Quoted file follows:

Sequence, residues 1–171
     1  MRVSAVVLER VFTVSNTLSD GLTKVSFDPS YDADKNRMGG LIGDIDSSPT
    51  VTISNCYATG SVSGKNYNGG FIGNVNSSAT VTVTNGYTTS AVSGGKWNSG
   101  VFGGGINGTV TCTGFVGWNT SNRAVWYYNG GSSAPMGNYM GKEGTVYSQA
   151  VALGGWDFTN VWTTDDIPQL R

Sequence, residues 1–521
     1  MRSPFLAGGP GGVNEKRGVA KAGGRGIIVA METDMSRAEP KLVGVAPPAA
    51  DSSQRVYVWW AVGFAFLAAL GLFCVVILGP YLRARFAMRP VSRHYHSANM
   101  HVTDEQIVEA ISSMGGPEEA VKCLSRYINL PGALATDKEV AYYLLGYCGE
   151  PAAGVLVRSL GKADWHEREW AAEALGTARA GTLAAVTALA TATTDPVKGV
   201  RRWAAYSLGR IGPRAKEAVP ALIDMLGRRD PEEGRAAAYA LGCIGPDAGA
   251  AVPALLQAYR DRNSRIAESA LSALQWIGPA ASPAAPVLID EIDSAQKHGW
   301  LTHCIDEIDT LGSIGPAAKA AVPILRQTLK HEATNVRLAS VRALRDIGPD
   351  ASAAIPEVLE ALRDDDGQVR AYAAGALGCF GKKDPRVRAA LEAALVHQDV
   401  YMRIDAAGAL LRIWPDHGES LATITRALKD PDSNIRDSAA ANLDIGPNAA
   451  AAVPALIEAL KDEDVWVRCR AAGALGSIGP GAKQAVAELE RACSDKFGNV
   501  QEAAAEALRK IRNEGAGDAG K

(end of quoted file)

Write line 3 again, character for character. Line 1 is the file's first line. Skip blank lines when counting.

    51  VTISNCYATG SVSGKNYNGG FIGNVNSSAT VTVTNGYTTS AVSGGKWNSG